You don’t have to save the world. All that hero talk is only superficial stuff. If you want to change the world, all you gotta do is show up, show up, just show up.

No great things have I done, no great things have I done, only small things with great love.

Small things. Sweet tea and warm cookies. An Americano, fresh and local. Simple gifts with a profoundly Eucharistic quality. They are the work of another person’s hands; acts of attentiveness in the creation of a personal and communal experience. Simple gifts, but rich and nourishing.

Photo: Barbara Lane

Bread-baking is one of the small things I’ve found that allows artfulness to give substance to my dailiness. After some years of pestering my mom for her bread recipe (if it could be called that, full of estimations and sensory cues as it is), she finally wrote it down and e-mailed it to me. Near the end of the summer, I set about making it my own and have since baked a loaf or two every Saturday. The very act of making that bread opens a much-needed space in my schedule. Yeast, sugar, and water mingle and move; salt and oil prepare texture and flavor; flour enters to be whisked and then pressed in with bare hands; the dough grows as the yeast spends itself consuming sugar; the heat of the oven kills the yeast, caramelizes the sugars, and somehow coaxes the dough into the molecular shape of bread. And all I have done is put a few ingredients into a bowl. Such a small and simple gift, the bread my hands have kneaded, punched down, and formed. Giving this bread to be broken for the Eucharist by a community of faith, the personal and communal nature already inherent to the ritual, is somehow enhanced.

When I’m rushing out the door to get to work on time, the giving of “small things” needs to be even smaller than bread-baking. Hurry may leave little room for artfulness, but those moments are not doomed to banality. There is the curious attentiveness of sneaking a well-loved treat into a housemate’s lunchbox. The playful delight of toothpick-scratching a message into a banana skin before slipping it into a child’s lunch sack. “Small things” can be very small indeed. On my way back to Michigan from Nashville, I stayed a night with friends in Bloomington, Indiana. As I carried my bag out to the car in the morning, I found a sticky note on the front door of the house with a scribbled invitation to coffee before the drive. It wasn’t an e-mail or a text. It was something made by the hand of a friend. I still have it tucked into my bag. Such a small, lovely thing.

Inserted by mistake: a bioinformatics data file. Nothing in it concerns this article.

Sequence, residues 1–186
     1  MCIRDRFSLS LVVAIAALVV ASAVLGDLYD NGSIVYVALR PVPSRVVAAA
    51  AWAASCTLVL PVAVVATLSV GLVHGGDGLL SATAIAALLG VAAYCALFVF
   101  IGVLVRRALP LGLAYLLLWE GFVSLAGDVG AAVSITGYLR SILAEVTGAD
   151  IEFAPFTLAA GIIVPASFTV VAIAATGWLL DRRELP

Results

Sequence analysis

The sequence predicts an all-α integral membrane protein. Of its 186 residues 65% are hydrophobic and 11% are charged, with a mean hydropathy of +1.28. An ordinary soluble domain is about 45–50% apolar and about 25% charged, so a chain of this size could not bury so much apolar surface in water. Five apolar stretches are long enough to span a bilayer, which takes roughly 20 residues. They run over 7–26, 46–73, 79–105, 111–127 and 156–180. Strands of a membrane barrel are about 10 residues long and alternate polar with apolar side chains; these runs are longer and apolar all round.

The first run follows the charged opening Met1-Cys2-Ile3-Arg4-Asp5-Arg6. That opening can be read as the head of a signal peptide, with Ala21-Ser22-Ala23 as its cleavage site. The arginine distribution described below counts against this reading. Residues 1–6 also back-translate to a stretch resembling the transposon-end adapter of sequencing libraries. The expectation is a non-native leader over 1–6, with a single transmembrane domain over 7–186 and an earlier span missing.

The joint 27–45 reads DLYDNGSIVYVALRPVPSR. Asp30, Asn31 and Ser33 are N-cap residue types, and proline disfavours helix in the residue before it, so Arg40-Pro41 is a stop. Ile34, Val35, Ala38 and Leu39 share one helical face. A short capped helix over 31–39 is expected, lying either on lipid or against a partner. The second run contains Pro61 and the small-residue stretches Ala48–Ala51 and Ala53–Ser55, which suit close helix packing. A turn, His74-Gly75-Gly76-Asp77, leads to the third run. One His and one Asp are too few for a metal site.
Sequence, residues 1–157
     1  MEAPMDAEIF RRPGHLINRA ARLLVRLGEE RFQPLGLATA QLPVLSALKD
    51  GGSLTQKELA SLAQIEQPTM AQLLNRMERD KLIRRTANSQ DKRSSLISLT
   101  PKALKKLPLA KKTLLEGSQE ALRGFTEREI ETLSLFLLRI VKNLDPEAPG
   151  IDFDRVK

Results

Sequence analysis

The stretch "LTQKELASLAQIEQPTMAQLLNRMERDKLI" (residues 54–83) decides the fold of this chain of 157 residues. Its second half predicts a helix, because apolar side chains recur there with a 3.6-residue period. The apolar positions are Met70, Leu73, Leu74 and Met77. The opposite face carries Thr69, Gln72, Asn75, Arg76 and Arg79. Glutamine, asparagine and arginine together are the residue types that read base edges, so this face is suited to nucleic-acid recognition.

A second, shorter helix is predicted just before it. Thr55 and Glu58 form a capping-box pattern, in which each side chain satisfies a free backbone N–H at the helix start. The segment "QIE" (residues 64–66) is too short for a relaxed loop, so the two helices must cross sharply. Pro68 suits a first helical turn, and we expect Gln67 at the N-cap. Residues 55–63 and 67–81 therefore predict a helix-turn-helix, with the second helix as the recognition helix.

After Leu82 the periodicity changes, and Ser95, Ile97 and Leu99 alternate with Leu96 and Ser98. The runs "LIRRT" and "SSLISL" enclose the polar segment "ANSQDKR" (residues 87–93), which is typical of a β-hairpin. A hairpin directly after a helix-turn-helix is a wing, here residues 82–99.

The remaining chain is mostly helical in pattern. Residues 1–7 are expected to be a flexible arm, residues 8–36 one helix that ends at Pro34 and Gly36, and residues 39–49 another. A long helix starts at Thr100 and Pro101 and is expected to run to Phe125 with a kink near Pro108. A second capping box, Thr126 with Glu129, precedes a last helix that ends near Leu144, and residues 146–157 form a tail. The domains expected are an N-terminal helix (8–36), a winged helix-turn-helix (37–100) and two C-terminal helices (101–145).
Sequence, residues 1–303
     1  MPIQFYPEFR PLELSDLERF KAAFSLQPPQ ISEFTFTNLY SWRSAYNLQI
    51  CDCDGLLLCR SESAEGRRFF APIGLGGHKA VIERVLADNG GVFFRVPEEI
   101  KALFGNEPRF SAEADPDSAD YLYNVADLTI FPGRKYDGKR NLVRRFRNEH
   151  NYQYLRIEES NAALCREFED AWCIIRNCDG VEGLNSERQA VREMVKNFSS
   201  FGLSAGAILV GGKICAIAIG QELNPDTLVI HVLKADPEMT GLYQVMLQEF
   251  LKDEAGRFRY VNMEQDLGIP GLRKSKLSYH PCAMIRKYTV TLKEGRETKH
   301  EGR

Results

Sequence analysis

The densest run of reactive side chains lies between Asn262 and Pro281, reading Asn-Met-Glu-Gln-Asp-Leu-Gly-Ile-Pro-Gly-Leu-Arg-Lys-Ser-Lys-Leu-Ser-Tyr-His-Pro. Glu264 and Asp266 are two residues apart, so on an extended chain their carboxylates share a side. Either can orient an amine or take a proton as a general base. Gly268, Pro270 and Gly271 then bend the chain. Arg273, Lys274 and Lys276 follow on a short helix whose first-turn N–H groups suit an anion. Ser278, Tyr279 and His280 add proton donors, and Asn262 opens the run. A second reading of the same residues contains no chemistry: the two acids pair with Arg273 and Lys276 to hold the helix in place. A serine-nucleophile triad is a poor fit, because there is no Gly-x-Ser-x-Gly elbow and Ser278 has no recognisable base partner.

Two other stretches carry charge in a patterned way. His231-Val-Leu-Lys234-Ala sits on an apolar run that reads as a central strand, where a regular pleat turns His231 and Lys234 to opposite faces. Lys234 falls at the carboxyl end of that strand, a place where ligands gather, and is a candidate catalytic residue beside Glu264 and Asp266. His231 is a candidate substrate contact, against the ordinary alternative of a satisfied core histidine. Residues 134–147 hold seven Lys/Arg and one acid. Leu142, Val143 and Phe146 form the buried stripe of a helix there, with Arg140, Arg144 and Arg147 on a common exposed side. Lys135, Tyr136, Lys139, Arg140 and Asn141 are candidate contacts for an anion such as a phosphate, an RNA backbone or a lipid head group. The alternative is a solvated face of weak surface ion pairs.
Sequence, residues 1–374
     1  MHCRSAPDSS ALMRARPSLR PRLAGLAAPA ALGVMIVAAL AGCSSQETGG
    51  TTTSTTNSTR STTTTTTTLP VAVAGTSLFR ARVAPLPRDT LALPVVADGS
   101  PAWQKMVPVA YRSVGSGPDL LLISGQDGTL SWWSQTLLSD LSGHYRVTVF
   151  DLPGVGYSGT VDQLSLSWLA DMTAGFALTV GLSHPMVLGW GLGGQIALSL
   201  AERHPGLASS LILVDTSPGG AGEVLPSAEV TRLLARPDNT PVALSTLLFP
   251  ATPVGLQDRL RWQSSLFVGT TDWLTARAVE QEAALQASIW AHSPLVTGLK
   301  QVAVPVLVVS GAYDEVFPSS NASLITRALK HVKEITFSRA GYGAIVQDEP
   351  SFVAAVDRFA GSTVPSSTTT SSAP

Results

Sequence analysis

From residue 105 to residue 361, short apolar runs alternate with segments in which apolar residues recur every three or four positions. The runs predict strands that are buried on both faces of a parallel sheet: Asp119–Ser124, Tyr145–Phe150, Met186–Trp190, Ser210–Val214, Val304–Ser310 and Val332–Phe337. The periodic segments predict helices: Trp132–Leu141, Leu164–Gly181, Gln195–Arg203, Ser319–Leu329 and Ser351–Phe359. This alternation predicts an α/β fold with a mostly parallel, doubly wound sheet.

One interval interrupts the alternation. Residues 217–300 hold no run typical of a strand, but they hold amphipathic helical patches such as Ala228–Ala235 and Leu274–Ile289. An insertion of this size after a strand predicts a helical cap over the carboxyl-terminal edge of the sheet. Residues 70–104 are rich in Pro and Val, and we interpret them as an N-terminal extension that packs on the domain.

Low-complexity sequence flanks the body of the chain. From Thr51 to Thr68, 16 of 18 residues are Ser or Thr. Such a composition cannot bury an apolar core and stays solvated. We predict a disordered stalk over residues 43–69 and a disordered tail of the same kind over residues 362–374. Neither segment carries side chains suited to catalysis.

I arrived safely home at the beginning of a whirlwind few weeks that have had a hefty share of coffee and clashing work schedules, quick PB&Js and late nights catching up on the miscellany that piles up during a weekend away. But there’s a stash of sticky notes handy. And come Saturday afternoon, bread will be baked.

Photo: Barbara Lane

Barbara Lane is an editorial intern for the Art House America Blog, a graduate student, and a companion to Sir Gibbie, her parrot. She blogs at This | Liminality and is learning to live with imagination.

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Reader Comments (5)

I love the lines "It wasn’t an e-mail or a text. It was something made by the hand of a friend." I've often wondered what life would be like if I killed my facebook account and started writing letters to friends instead of comments and pokes, which seem to be the content of most of those "connections" I have with friends. It would mean letting many of those shallow connections with people go, but in exchange would provide the opportunity to enrich the choice friendship I value most. And my mom bakes the best homemade bread! My heart gets lost in these things. O' courage, come and help me live my passions out and let meaningless things go!

October 27, 2011 | Unregistered CommenterMark Brendel

Love it! Today I made homemade gnocchi and thoroughly enjoyed the artful process. Sure it takes a while, but it feels so good to mix the textures and create it myself. Kudos to you for making bread; my mom taught me as well.

My husband and 2 year old daughter and I started having afternoon tea and cookies. I look forward to 3:30 every day. We are striving to make our home be a place for visiting and local artists to find peace and rest. This post was encouragement toward that end. Thank you.

October 27, 2011 | Unregistered CommenterNaomi

Lovely, Barbara.

Someone recently shared with me (and others) a story about how much Emily Dickinson loved to bake and share her baking with others (though not her poems). I'm glad you're sharing your words and your bread.

I'm glad you are writing here with these fine people and look forward to receiving your words regularly (I hope).

Gina made bread again tonight. It was good. Come over and eat with us some time.

October 27, 2011 | Unregistered CommenterSD Smith

Barbie, you are the template from which any identifiable notion of contemporary artful living is to be seen and experienced. You're awesome!

October 28, 2011 | Unregistered CommenterRobert Rife

Thanks for this, Barbara. Love musing on these topics with you, even if it's only over the magic of the internet. :)

November 7, 2011 | Unregistered CommenterKatie